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# st: RE: Interpretation of quadratic terms

 From Rodolphe Desbordes To "'statalist@hsphsun2.harvard.edu'" Subject st: RE: Interpretation of quadratic terms Date Mon, 8 Mar 2010 18:42:31 +0000

```Dear Rosie,

If the coefficient on X is positive and the coefficient on X^2 is negative, that suggests that X has a positive effect on Y until a turning point is reached, e.g. 1.3/(2*0.2)=3.25. Beyond that value, X has a negative impact on Y.

Rodolphe

PS: I am not sure that `centering' reduces multicollinearity.

-----Original Message-----
From: owner-statalist@hsphsun2.harvard.edu [mailto:owner-statalist@hsphsun2.harvard.edu] On Behalf Of Rosie Chen
Sent: lundi 8 mars 2010 18:28
To: statalist@hsphsun2.harvard.edu
Subject: st: Interpretation of quadratic terms

Dear all,

I have a question regarding how to interpret quadratic terms in regression, and would appreciate your help very much.

Because the non-linear nature of the relationship between X and Y; I need to include quadratic terms in the model. To avoid multicollinearity problem with the original variable and its quadratic term, I centered the variable first (X) and then created the square term (Xsq). The model with the quadratic term (Xsq) was proved to be significantly better. Suppose the output is like the following (both coefficients are significant), how to interpret the results? The two signs are opposite. Could anyone provide some insight? Thank you very much in advance!  --Rosie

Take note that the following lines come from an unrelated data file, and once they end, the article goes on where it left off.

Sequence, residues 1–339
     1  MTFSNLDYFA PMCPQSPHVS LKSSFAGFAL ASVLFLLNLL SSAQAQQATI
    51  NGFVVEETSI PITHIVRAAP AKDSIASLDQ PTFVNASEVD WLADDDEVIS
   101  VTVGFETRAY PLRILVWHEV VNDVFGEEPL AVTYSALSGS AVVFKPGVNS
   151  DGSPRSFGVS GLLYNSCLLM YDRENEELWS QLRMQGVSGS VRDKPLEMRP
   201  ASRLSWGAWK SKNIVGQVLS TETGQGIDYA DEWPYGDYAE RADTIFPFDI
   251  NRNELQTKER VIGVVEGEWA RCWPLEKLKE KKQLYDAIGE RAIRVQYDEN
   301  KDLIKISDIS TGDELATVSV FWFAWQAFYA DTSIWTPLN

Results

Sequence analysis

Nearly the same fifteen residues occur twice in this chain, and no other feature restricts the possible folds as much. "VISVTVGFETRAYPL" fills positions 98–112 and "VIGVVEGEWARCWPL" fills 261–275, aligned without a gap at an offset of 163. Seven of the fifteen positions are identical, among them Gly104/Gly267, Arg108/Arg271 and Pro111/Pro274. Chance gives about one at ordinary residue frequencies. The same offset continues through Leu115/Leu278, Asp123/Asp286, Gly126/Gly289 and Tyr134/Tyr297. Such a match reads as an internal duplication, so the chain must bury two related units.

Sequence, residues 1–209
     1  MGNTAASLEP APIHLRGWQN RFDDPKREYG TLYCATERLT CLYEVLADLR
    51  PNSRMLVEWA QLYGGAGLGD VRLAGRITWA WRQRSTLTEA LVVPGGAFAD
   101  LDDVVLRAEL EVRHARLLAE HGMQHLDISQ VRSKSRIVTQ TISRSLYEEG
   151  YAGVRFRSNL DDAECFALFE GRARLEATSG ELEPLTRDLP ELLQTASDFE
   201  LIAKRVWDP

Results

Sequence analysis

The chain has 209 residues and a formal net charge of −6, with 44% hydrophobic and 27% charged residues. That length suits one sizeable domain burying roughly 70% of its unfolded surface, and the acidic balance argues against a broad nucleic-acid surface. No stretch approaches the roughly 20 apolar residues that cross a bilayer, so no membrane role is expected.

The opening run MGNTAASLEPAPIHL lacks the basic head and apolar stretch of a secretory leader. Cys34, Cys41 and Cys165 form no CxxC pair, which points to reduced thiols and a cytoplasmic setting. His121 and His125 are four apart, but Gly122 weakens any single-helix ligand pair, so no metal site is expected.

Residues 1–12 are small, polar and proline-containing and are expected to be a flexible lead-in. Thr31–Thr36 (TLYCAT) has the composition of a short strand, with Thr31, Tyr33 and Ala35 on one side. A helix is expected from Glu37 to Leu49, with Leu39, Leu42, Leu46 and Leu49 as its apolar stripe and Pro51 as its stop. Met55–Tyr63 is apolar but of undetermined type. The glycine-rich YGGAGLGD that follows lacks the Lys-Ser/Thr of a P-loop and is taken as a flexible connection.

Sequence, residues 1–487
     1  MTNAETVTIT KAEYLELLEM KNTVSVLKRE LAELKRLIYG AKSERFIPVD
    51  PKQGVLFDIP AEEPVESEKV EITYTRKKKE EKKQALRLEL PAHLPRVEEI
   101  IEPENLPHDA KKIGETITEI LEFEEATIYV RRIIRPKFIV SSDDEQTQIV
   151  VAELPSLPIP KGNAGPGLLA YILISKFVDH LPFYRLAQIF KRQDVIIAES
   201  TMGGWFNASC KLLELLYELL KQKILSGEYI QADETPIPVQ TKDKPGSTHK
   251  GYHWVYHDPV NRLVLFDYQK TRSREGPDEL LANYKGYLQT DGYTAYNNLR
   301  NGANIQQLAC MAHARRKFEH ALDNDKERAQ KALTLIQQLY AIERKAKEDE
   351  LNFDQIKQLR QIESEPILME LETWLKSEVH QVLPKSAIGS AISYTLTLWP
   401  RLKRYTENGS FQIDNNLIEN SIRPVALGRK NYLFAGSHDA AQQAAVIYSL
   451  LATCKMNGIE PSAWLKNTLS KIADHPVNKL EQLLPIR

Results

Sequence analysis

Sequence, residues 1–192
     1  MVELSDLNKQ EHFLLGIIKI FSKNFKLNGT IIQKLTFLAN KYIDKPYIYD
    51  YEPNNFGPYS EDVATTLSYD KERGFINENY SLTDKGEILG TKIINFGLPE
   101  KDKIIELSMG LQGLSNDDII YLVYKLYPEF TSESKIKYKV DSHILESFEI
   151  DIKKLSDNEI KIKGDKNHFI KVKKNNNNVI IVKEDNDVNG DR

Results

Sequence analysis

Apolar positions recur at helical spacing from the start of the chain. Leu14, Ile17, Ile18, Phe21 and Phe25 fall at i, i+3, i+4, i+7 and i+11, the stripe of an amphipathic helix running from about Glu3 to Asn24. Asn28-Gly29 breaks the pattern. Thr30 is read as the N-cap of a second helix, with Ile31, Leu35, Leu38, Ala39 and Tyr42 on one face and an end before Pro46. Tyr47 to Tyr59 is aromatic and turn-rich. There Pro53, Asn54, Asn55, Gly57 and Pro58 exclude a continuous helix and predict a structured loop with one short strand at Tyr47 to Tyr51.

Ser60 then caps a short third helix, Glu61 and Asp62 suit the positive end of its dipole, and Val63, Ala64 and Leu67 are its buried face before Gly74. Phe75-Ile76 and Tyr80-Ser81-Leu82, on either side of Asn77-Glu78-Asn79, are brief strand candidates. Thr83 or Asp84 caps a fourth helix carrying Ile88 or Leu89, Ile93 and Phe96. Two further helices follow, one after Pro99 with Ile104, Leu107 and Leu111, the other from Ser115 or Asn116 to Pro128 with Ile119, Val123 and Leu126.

y= a + 1.3*X - 0.2*Xsq + e

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